Like many others with the condition, Beau Gray thinks he probably lived with symptoms of endometriosis for years before being diagnosed. Growing up, Gray (whose pronouns are he/they) suffered from extreme period cramps, pelvic pain and digestive symptoms. But it wasn’t until 2016, when they were 30, when they found themselves in agony on the highway driving from Vancouver to Squamish, British Columbia, that they realized something was deeply wrong. “It felt like I’d been stabbed in the gut.”
Gray, now 35, sought care and, later that year, their doctor told him that they suspected Gray had endometriosis—a diagnosis that began a two-year medical journey made more traumatic by the way Gray was treated as a transgender patient.
Endometriosis (or endo) is a painful chronic condition. It’s marked by the growth of tissue similar to the lining of the uterus in other parts of the body. Although endometriosis commonly appears in the pelvic cavity, it can cause extreme pain and symptoms of inflammation elsewhere. It has no cure, and the success of treatments can vary widely from patient to patient. Currently, a diagnosis of endometriosis can only be confirmed via a laparoscopic surgery—sometimes, visible endometrial tissue and scar tissue can be removed from the affected areas during this procedure. Historically, discussions around endometriosis have framed the condition as one that affects mainly white, cis women of childbearing age. Even for those who fit this narrow margin, getting diagnosed with and treated for endometriosis can be difficult due to dismissive doctors and societal misconceptions around “women’s” health. For people who live outside of that framework—including people of colour and LGBTQ2S+ folks—it’s even harder.
When Gray sought specialized endometriosis care, they faced dismissal and discrimination. Post-diagnosis, they were prescribed hormonal medication to treat the condition, and suffered severe mood changes. “They kind of turned me into a monster,” Gray says.
Finally, two and a half years after he first suspected he had endo, Gray was admitted into a complex chronic disease program at B.C.’s Women’s Hospital and Health Centre, where he was put under the care of a surgeon. Rather than opting for a surgical procedure that would remove the endometriosis but preserve the pelvic organs, Gray wanted a hysterectomy—a surgery that removes the uterus entirely, and may also remove the ovaries and fallopian tubes. But first, he had to undergo an intake process.
“The surgeon that I was dealing with was hideously unaware of trans issues,” he says, describing how the doctor used incorrect pronouns and showed a general lack of knowledge when it came to providing care to trans and non-binary patients. On one occasion, during intake for the surgery, Gray was repeatedly misgendered by that same surgeon. He says it was particularly damaging. “I have pretty thick skin… but that appointment broke me. I was traumatized afterwards.” Gray hopes that there have been positive changes on the part of medical caregivers in the time since his procedure. When Gray was first trying to understand the cause of their pain back in 2016, they turned to self-directed research. After starting to suspect they may have endometriosis, they went looking for resources. Eventually, they found endo support groups. Online endometriosis support groups have grown in recent years to become effective community-built sources of care and information. When trans and queer folks with endo need information that their doctors are not able to provide, these groups empower them to advocate for better care.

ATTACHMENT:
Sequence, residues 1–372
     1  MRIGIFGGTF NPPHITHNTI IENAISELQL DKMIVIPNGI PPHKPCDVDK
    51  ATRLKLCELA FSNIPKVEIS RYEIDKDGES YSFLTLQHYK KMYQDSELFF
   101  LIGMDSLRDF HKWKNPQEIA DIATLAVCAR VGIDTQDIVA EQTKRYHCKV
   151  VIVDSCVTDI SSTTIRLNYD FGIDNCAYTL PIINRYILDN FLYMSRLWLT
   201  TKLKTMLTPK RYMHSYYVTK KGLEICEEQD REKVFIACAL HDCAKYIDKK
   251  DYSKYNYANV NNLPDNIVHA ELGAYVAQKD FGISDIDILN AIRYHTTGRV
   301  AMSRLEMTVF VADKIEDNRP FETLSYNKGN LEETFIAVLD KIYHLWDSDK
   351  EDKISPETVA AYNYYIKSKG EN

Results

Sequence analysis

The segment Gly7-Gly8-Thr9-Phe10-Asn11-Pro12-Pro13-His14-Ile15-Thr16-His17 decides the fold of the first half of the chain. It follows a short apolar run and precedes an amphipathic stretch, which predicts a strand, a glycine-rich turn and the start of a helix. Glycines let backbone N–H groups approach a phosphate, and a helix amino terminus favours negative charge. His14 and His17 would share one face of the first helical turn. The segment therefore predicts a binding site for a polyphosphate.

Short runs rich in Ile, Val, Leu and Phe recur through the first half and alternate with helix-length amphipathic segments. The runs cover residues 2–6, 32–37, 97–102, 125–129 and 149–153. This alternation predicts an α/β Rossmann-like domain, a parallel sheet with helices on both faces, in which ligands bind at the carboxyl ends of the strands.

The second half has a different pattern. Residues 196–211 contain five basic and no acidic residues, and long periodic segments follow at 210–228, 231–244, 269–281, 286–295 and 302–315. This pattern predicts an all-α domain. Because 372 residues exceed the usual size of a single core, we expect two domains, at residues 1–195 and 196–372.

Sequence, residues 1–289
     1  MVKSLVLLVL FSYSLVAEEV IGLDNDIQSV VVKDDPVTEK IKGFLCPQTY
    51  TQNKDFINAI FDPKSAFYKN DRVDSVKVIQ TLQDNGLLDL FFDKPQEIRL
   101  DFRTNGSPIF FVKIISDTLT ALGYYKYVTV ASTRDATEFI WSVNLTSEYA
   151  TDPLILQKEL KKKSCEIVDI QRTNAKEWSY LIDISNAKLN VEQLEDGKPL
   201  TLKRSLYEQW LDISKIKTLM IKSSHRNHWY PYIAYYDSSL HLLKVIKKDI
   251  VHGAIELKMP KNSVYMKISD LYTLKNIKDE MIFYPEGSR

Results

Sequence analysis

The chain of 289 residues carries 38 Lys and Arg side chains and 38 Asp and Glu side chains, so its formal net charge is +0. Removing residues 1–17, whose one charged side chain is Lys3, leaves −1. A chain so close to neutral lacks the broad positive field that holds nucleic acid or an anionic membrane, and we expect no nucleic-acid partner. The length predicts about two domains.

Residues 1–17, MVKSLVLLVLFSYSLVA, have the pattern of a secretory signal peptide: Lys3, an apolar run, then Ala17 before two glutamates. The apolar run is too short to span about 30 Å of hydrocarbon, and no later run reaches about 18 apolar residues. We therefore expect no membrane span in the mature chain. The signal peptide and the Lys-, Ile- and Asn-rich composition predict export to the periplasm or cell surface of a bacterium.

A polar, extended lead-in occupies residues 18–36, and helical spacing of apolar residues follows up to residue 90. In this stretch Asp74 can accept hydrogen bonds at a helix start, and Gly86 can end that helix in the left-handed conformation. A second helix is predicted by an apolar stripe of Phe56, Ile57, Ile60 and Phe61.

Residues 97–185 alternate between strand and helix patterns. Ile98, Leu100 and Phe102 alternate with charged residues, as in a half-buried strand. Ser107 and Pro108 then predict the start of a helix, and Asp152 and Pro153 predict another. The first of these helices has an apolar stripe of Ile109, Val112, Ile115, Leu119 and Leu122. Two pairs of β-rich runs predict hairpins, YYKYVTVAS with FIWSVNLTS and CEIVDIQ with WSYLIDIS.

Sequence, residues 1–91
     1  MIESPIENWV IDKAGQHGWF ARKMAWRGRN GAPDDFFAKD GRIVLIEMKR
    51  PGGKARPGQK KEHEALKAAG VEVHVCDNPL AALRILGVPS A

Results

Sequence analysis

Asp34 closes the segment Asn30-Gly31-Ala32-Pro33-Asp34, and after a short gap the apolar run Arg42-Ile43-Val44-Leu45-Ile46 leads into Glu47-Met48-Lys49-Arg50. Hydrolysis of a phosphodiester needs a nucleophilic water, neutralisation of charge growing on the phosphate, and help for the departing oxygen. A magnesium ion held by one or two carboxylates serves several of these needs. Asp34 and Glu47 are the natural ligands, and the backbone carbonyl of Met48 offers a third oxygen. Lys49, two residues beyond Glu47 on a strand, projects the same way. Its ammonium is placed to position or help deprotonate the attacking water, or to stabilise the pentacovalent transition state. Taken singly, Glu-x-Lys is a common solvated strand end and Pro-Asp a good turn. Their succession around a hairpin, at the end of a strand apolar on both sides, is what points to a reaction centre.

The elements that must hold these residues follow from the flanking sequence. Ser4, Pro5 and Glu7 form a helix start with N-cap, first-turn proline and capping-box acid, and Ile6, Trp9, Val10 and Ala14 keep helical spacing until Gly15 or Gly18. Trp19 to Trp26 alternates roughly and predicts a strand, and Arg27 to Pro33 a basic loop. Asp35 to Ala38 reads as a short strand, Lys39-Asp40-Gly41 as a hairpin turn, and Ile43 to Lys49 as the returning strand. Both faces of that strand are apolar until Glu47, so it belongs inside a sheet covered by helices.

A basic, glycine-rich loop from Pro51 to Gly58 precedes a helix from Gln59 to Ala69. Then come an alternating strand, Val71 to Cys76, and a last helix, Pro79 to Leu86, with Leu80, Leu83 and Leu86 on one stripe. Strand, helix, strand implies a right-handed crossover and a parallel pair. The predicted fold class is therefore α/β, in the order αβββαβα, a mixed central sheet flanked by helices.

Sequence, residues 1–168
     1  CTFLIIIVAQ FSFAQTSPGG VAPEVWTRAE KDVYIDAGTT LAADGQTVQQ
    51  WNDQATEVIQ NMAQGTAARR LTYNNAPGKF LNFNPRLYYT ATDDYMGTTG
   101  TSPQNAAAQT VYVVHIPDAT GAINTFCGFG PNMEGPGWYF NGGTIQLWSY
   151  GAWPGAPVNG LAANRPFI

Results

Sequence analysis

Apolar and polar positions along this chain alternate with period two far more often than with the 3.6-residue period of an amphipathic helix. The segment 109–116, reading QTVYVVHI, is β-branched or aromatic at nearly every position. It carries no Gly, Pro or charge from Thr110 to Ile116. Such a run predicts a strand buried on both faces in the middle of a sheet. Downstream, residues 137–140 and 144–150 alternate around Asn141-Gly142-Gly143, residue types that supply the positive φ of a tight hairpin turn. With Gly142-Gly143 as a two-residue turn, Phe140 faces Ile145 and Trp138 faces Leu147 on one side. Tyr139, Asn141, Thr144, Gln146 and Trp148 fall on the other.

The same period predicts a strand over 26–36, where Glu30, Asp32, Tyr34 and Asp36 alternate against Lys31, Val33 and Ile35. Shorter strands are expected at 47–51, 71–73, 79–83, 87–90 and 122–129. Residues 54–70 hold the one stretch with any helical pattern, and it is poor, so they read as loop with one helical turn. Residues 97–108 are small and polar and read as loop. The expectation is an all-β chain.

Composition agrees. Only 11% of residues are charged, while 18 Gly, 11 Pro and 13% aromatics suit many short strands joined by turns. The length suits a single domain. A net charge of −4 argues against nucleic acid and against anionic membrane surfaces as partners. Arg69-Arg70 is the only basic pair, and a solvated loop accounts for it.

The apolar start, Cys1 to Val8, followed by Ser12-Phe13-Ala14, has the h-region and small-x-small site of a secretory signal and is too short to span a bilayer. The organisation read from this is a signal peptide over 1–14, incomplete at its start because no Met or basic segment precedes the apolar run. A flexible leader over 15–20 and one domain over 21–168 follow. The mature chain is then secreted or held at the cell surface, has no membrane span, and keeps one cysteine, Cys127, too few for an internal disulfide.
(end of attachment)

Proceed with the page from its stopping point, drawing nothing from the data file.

Eli, 33, is a non-binary person living in Vancouver who was diagnosed with endometriosis in January of 2021 after two years of intense lower back pain that would wake them up nightly. (To protect their privacy, Xtra is not using last names for some of the sources in this story.) They had to cut back their shifts at work to three days a week to try to catch up on missed sleep and recover from painful episodes. Over the years, they ended up in the ER multiple times for intense back and abdominal pain and vomiting, only to be told to take Gravol and sent home. Eli says their experiences with emergency care echoed “a long history of disbelieving people of marginalized identities when they speak about pain.” They were finally diagnosed during an emergency laparoscopic surgery.
Eli’s gynecologist also suggested hormonal treatment to manage their condition. Endometriosis is thought to be related to hormone production, so often birth control or other hormonal treatments are suggested—although they are not guaranteed to work. Eli had questions. For example, could they take hormonal medication to manage their endometriosis if they wanted to be on testosterone? Their doctor, as supportive as she was, simply did not have the information they needed to make an informed decision.